Your podiatrist can be helpful in any foot pain emergency. He or she also can assist in encouraging preventive measures so you have a much lower risk of experiencing these issues. From gait analysis to selecting the proper size and fit of your footwear, your podiatrist can point you in the right direction for healthy feet for life. Reach out to your local podiatrist to set up your consultative appointment today. Your feet will thank you.

The Don’ts of foot care

• Resist the urge to shave your legs before receiving a pedicure. Freshly shaved legs or small cuts on your legs may allow bacteria to enter. If you are receiving a pedicure and manicure, don’t use the same tools for both services as bacteria and fungus can transfer between fingers and toes. • Don’t allow technicians to use a foot razor to remove dead skin. Using a razor can result in permanent damage if used incorrectly and can easily cause infection if too much skin

is removed. • Don’t round the edges of your toenails. This type of shape increases the chances that painful ingrown toenails will develop. • Don’t use sharp tools to clean under nails. Using anything sharp makes it easy to puncture the skin, leaving it vulnerable to infection. • Be sure that you don’t leave any moisture between toes. Anything left behind can promote the development of athlete’s foot or a fungal infection.

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HealthBeat April: Acupuncture & Foot Health • World Health Day - April 7th

Relieving pain with acupuncture

The art of acupuncture has been used to relieve pain for centuries. It is has been used to ease everything from back and neck pain, to nerve pain, headaches, fibromyalgia, osteoarthritis and more. Acupuncture is a practice in which extremely fine needles are inserted into the skin at specific “acupoints.” Typically, four to 10 needles are inserted and left in place for five to 30 minutes. The process stimulates a local self-healing reaction in connective tissue, muscle fiber, and the surrounding cellular environment by provoking local inflammatory defense and self-repair mechanisms that can quickly reduce pain and, over time, repair damage and hypersensitivity in networks of specific, active triggers. This is especially beneficial for pain from repetitive stress injuries, muscle strain, ‘pinched nerves’, and chronic low back or neck pain. Acupuncture stimulates the brain and central nervous system to release endorphins, employing the body’s built-in painkillers—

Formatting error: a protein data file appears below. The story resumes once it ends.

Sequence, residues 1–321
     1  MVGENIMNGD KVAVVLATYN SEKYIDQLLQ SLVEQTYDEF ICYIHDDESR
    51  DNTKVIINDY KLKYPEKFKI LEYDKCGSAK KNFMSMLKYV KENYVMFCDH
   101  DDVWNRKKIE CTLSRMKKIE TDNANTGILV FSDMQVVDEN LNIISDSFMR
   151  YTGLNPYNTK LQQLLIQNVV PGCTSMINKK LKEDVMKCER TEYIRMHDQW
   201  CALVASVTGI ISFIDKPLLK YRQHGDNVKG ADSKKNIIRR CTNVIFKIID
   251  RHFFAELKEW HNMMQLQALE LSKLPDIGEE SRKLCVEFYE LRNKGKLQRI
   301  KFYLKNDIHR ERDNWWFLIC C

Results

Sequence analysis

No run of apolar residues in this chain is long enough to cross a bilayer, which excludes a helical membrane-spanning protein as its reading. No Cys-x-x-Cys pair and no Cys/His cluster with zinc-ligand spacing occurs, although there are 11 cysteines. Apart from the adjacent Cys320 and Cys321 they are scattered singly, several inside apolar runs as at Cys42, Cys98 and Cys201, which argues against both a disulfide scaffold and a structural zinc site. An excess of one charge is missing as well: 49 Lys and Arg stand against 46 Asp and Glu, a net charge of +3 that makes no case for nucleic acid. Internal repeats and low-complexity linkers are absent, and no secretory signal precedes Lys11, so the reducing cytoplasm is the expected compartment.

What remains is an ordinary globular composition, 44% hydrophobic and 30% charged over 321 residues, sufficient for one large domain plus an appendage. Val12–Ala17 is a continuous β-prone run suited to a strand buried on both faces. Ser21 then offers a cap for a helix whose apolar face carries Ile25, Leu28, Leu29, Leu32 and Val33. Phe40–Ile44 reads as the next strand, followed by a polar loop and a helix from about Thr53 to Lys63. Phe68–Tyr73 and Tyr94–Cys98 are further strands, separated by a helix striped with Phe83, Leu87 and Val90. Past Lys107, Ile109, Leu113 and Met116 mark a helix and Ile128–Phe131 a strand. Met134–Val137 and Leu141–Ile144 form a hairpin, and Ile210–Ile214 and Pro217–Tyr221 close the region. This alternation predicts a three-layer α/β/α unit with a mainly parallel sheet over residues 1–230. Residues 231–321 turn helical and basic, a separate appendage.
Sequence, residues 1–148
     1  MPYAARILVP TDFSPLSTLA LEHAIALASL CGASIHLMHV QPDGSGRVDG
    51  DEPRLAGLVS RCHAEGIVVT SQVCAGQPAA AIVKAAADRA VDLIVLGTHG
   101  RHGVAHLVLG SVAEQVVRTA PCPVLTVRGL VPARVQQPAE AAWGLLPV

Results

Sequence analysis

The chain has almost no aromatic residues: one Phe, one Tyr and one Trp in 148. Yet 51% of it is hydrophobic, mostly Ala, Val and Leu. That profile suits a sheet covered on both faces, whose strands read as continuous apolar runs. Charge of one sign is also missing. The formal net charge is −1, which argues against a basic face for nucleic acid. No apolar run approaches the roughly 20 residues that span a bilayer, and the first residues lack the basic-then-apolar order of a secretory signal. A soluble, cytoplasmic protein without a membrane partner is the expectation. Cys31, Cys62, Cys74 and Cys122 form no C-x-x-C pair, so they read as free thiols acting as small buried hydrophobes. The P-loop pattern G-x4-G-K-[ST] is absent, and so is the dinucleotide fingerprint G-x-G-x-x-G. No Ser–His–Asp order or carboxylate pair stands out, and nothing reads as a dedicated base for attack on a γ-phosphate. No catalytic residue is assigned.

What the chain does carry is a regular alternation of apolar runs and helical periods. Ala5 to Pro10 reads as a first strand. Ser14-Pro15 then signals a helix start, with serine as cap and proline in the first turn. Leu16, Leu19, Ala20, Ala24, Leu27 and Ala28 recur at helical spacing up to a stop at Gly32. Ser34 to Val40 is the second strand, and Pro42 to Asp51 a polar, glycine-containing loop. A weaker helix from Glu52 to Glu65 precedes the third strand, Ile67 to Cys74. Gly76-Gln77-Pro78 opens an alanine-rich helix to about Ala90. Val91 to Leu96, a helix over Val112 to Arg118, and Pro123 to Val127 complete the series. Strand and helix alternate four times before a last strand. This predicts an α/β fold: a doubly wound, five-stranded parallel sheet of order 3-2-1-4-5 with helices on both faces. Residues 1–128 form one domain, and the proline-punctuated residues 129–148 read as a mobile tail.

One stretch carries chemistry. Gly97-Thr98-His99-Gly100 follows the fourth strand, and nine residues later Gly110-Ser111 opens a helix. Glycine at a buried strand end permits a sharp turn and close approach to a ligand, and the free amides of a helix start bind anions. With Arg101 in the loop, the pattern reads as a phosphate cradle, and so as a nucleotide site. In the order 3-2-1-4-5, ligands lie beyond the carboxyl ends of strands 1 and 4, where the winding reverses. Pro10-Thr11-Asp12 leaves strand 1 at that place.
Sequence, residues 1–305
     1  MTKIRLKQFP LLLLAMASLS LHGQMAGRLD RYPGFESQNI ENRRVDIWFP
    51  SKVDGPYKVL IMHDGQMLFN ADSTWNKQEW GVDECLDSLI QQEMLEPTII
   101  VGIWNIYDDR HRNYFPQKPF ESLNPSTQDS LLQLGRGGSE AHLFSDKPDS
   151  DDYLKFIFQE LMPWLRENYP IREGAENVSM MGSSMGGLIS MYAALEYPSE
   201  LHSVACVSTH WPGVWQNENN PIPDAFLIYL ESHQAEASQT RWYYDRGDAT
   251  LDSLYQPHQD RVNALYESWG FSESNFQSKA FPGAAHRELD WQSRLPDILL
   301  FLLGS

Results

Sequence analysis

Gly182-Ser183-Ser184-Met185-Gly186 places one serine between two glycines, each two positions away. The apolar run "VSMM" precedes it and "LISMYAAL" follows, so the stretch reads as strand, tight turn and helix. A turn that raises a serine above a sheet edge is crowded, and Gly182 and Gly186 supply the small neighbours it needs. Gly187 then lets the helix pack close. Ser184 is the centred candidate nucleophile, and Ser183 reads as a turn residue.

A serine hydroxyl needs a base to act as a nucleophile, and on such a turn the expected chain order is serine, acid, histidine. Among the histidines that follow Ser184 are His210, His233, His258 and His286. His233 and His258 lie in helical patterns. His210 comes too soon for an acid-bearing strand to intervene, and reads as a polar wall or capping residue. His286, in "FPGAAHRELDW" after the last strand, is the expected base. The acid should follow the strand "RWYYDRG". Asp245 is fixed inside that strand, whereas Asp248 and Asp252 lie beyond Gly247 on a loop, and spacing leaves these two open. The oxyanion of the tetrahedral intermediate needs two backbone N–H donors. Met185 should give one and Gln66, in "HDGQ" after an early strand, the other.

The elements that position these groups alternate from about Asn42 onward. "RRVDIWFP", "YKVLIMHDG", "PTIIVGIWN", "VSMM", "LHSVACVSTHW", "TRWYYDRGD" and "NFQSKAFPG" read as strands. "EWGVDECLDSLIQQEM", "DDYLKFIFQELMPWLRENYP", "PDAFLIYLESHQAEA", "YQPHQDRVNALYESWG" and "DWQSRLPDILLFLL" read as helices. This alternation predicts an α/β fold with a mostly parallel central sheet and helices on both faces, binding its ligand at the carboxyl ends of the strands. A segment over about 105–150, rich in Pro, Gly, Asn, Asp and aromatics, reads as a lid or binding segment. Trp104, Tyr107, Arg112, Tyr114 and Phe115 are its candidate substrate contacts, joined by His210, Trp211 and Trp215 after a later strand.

without risk of constipation, addiction, or overdose. The effect of engaging the body’s natural resources can be used in a variety of conditions, and, using specific methods, is sometimes chosen as an option over analgesic drugs during some animal surgeries. Another way acupuncture reduces pain is by reducing inflammation or, more precisely, by regulating the activity of inflammatory chemicals, sometimes called the inflammatory ‘soup’. This is an important aspect of how acupuncture can help relieve inflammatory conditions like arthritis and tendonitis. When looking for an acupuncturist, don’t be afraid to request a consultation, just as you would with any healthcare provider. Acupuncture specialists understand the concerns of prospective clients, and should be willing to discuss your options ahead of time. Your acupuncturist should be able to explain the benefits and risks, and make sure you understand what their methods are and how often you will need to come in for treatment sessions.

Sources: San Francisco Acupuncture Group & Harvard Health Publishing

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HealthBeat April Week 2  

Acupuncture & Foot Health

HealthBeat April Week 2  

Acupuncture & Foot Health